Thursday, February 11, 2010

Psychology, Religion, Orthopraxy


Here is a list of psychological phenomena connected to religion I have come up with so far. (Of course, as any psychology article on this topic always notes, showing a psychological phenomenon related to religious belief neither proves nor disproves the belief itself.) Am I missing any? Connection to orthopraxy below.

-Anthropomorphizing of the universe. 1) Partly as error. Humans have a tendency to over-apply agency to things that aren't really agents. Kids do this as they are learning to apply concepts of agency (e.g. saying goodnight to their stuffed animals and meaning it), and adults yell at their cars and computers when they malfunction, see faces in the clouds, etc. In ancient times, people had pretty intense anthropomorphisms (like whipping the sea for misbehavior). 2) Partly as motivated approach to the world. Anthropomorphizing happens when people need social contact and feel lonely, or need to explain something unexplainable. Interestingly, one social psych study (Barrett & Keil, 1996) suggested that religious people were more likely to use an anthropomorphic concept of God than a classic theological one in daily life.

-Just World Hypothesis (referenced in a previous post). People have a need to believe the world is a just and ordered place, to the extent that if something bad happens to someone and we cannot help them, we will often assume it is in some way the victim's fault (either for causing it or having some flaw that "brought it upon them").

-Illusions of External Agency (Gilbert et al, 2000): We have psychological defense mechanisms that make us happy with what we have. However, they work unconsciously, so people often assume that what they have received is objectively good for them, rather than realizing that they their minds have subjectively made it seem good. Consequently, they assume there is an agent looking out for them, since they are getting all these good things.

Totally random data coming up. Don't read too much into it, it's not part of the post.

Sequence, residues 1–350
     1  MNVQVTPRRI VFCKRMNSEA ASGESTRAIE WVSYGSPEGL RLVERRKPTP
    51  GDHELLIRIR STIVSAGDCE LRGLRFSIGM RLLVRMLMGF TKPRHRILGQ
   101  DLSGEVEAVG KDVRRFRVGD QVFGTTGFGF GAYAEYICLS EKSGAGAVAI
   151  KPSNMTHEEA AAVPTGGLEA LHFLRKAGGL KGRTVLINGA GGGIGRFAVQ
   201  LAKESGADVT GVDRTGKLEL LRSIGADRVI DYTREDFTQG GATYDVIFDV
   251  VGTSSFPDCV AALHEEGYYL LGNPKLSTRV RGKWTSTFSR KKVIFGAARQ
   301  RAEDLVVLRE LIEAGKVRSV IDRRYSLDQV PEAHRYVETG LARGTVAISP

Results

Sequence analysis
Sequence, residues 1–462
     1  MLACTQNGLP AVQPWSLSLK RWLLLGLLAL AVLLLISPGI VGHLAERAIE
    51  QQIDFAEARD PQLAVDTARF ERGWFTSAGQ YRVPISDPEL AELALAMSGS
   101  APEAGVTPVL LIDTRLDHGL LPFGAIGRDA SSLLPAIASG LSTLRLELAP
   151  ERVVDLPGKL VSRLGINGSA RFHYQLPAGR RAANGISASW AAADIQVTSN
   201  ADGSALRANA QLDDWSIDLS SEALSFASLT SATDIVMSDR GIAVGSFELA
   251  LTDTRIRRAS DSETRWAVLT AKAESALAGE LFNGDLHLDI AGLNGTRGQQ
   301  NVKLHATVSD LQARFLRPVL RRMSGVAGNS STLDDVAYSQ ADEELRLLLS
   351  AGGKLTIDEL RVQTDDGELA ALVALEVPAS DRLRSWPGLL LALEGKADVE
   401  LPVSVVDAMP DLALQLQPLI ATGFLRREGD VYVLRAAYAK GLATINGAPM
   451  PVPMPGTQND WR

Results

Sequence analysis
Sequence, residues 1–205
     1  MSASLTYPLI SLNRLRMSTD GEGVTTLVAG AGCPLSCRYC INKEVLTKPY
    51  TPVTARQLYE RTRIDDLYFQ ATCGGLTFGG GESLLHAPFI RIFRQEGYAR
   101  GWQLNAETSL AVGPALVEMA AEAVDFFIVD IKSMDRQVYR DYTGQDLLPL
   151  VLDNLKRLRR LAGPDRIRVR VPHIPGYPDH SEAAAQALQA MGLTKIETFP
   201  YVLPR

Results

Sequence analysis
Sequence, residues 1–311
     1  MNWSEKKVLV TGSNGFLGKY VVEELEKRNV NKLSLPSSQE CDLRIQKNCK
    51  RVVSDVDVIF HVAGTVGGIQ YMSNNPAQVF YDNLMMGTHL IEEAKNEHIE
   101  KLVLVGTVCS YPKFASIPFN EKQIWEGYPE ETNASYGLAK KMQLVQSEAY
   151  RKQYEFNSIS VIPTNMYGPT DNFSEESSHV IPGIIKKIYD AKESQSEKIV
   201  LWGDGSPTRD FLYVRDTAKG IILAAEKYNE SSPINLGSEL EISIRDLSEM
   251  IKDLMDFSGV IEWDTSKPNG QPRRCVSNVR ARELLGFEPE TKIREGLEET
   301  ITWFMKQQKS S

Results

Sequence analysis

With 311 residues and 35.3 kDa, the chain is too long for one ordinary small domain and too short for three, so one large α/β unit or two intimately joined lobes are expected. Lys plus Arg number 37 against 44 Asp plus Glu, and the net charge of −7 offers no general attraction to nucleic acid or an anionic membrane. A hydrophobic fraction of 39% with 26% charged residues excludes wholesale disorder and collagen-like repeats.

-Fear of death. This one sort of speaks for itself.

-Supersense. I haven't read the book of that name yet--though it's on my list--but it shows how we develop a sense for the supernatural.

So the question for me now is, can orthopraxy relate to any of these psychological needs and principles? (Not really, as far as I can tell, which is why it seems pretty untenable as a movement to me.) It often feels to me as though being in the skeptic vein pits one's automatic psychological system against one's rationally-determined beliefs. From this lens, orthopraxy comes with the costs of religion without providing any of the core psychological benefits. One lives in constant intellectual dissonance, instead of gaining the relief the lifestyle should provide (in one ideal sense).

On the other hand, though, you can justify it by appeal to practical consequences, and--in theory--other psychological/emotional gains. You get a sense of community, some nice values and traditions, it's what you're comfortable with, etc. And maybe you've got it better than the full believers--you don't accept all the beliefs and whatnot, and get to do more of your own thing, but you get to gain the community (something a la this post).

I guess the point is, orthopraxy: a double-edged sword. Sometimes I love it, sometimes I hate it.


G*3 said...

I think orthopraxy is a purely social thing. People who were brought up Orthodox and are comfortable in the Orthodox community put up with the rules and restrictions in order to remain in the community becuase it's what they're used to. I'd be very surprised to hear of somone who wasn't brought up orthodox becoming orthoprax.

JewishGadfly said...

Well, fair enough, but when I refer to orthopraxy being tenable or not, I had more in mind whether it can cohere as a community at all, for any length of time--even amongst the currently orthoprax and their children.